When the federal "electronic signature" law was enacted, proponents predicted a rapid shift toward electronic transactions. Critics feared a plague of fraud, privacy invasions, and identity theft. The current state of electronic contracting is somewhere between these extremes. As electronic signature standards continue to mature, businesses are choosing from a diverse range of techniques for executing contracts in cyberspace.
The federal Electronic Signatures in Global and National Commerce, or "E-Sign," Act endorsed electronic contracting by granting electronic signatures, contracts, and records the same legal status as traditional written signatures, contracts, and records. An electronic signature is any electronic sound, symbol, or process attached to or logically associated with a record and executed or adopted by a person with the intent to sign the record. A "digital signature" is a specific type of electronic signature that uses encryption technology to "sign" a message with a secure, verifiable code. Since the E-Sign law was "technology neutral" and did not provide any technical specifications or verification standards, the law is not limited to digital signatures. In fact, an e-mail message -- or even a mere mouse click -- may constitute an electronic signature.
By permitting a wide range of electronic techniques for obtaining consent to a contract, the federal E-Sign law adopted an important principle of the Uniform Electronic Transactions Act ("UETA"), which has been enacted in a majority of the states: the validity of an electronic signature or contract may be challenged on the same legal grounds as a traditional written signature or contract. Accordingly, electronic signatures are subject to challenges based on authenticity (is the "signature" message a forgery or otherwise unauthorized?) and integrity (was the message received in the same form as it was sent?).
Companies can decide for themselves how to implement electronic signatures and how to verify the authenticity and integrity of an electronic signature.
Consent from Consumers
In e-commerce transactions, courts have consistently upheld the enforceability of electronic signatures obtained through so-called "click-through" agreements, in which a consumer assents to a contract with a simple mouse click after viewing the applicable terms and conditions. [See ProCD, Inc. v. Zeidenberg, 86 F.3d 1447, 7th Cir. (1996) and Groff v. America Online, Inc., 1998 WL 307001 (R.I.Super.1998).] These legal endorsements and low implementation costs have made click-through agreements popular for a broad range of transactions on the Internet.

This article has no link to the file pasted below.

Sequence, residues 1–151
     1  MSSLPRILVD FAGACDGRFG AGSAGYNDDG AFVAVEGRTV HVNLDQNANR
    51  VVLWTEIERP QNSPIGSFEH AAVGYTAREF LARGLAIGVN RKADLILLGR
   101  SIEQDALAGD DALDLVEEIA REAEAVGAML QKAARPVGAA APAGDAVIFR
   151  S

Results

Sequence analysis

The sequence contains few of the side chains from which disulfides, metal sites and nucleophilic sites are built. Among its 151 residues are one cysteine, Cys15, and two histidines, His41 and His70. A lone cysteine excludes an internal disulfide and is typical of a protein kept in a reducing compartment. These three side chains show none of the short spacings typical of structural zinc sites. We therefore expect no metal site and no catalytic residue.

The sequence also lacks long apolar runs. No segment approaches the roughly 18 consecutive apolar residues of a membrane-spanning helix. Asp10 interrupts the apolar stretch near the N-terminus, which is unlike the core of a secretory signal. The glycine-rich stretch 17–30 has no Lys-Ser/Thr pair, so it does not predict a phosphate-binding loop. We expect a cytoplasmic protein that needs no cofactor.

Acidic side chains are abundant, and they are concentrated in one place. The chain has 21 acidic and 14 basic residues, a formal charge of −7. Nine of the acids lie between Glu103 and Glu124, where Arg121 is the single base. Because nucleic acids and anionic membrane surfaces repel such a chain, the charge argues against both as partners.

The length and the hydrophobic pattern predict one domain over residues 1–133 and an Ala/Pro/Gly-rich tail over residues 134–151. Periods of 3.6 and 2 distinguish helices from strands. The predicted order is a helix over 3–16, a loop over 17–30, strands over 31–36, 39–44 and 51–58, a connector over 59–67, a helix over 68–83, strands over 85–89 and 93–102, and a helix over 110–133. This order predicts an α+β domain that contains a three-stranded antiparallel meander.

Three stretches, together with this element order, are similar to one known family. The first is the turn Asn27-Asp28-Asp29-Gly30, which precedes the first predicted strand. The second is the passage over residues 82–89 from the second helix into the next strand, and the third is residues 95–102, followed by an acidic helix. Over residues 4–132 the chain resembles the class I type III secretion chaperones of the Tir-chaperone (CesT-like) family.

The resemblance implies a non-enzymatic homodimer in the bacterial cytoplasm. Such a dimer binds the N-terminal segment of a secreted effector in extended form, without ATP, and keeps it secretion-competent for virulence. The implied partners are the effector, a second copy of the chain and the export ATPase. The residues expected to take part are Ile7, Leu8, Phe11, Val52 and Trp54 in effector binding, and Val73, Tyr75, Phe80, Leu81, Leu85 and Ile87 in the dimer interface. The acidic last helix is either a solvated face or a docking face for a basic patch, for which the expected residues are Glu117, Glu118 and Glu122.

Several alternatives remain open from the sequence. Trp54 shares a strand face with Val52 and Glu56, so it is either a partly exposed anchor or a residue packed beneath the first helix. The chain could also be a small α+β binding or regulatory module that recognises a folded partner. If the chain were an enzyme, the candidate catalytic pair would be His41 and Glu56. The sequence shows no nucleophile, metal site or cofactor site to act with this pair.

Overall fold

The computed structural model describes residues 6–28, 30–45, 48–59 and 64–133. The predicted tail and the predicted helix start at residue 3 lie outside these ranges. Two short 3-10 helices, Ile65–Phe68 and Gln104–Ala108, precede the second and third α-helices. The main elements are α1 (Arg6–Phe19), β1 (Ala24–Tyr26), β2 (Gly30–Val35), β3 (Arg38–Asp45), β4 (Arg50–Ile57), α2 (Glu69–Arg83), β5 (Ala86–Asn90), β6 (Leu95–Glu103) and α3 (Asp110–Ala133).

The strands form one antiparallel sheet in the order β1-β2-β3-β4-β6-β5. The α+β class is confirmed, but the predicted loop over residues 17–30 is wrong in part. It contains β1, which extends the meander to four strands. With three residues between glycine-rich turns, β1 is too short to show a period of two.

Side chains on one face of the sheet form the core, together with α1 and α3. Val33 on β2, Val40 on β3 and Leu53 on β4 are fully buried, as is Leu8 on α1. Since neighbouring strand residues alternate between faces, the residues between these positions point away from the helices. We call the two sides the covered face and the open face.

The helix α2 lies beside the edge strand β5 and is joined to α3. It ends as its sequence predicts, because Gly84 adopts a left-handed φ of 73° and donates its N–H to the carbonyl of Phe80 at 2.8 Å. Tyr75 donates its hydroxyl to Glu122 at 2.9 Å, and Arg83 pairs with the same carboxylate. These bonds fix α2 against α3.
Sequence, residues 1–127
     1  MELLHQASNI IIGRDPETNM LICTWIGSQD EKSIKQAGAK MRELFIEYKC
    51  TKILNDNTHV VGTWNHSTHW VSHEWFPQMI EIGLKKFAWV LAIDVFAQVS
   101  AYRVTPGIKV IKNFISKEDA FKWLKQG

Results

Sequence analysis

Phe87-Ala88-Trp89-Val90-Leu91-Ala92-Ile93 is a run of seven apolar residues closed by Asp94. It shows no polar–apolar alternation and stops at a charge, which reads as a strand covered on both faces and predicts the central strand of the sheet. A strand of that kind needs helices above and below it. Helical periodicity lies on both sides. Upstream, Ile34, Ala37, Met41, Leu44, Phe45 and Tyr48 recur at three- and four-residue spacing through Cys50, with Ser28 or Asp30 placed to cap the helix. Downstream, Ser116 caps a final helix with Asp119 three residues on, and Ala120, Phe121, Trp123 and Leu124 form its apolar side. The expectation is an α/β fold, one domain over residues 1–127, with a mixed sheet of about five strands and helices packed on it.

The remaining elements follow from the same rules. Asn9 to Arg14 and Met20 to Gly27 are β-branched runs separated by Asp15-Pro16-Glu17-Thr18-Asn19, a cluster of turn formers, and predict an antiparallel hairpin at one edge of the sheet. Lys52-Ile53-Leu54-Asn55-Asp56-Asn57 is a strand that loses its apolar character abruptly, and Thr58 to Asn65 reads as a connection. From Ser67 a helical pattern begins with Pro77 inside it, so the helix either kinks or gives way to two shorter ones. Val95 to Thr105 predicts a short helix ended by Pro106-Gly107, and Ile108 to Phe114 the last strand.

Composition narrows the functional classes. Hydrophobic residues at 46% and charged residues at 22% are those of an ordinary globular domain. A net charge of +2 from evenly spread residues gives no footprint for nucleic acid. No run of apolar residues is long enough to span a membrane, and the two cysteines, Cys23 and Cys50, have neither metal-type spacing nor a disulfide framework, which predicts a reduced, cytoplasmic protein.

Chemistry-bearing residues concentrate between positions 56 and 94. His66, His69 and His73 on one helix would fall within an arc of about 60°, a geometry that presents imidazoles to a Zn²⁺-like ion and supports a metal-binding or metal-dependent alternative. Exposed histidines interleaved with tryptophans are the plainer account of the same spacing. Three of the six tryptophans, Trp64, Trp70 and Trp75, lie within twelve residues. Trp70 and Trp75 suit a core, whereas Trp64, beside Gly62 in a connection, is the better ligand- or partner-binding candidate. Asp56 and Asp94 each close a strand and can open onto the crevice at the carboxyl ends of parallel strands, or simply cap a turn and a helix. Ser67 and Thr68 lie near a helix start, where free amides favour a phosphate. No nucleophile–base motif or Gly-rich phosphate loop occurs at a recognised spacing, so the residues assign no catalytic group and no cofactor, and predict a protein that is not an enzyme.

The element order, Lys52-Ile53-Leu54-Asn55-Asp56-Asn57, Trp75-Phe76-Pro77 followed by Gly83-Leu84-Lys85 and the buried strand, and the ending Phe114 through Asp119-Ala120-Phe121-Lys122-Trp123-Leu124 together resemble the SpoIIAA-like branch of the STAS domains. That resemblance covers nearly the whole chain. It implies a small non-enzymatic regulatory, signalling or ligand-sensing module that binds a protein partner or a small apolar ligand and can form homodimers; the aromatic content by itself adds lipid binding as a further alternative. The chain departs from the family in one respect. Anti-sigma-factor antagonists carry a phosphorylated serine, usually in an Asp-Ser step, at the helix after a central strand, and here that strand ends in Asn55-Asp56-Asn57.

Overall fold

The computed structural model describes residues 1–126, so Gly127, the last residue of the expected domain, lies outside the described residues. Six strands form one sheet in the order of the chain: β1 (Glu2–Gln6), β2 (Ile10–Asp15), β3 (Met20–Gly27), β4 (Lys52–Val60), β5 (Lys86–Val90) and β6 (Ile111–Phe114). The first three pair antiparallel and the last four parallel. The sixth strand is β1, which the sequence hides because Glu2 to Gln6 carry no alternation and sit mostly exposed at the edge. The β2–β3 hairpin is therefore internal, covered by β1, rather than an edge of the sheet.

To protect against fraud and coercion in electronic contracting, the E-Sign law requires businesses to obtain informed consent from consumers in order to conduct electronically any transaction that a law requires to be "in writing." The Federal Trade Commission ("FTC") and the U.S. Commerce Department concluded in a June 2001 report that these protections have been effective.
Encrypted Digital Signatures
For high-value transactions and repetitive business-to-business transactions, it is more cost-effective to implement more robust safeguards to ensure the authenticity and integrity of electronic signatures. The strongest techniques use encrypted digital signatures administered by trusted third parties or "certificate authorities." In February 2002, the World Wide Web Consortium ("W3C"), an e-commerce industry standards organization, issued technical guidelines for creating and administering digital signatures. Such standardization may help to reduce the cost of using digital signatures and lead to more widespread use in consumer e-commerce.
Other digital signature guidelines and standards have been developed by, for example, the federal National Institute of Standards and Technology, the American Bar Association, and a consortium of state governments. The United Nations Commission on International Trade Law ("UNCITRAL") Model Law on Electronic Signatures does not mandate a particular implementation of digital signatures, but establishes "criteria of technical reliability" under which electronic signatures shall be treated as equivalent to hand-written signatures.
Electronic signatures for contracting is a legally-recognized reality for both consumer and business transactions. Evolving federal, state, international, and industry standards are removing barriers to electronic contracting, but market forces are determining which specific technologies are used to ensure that electronic signatures are easy to use, cost-effective, and provide acceptable evidence of an agreement.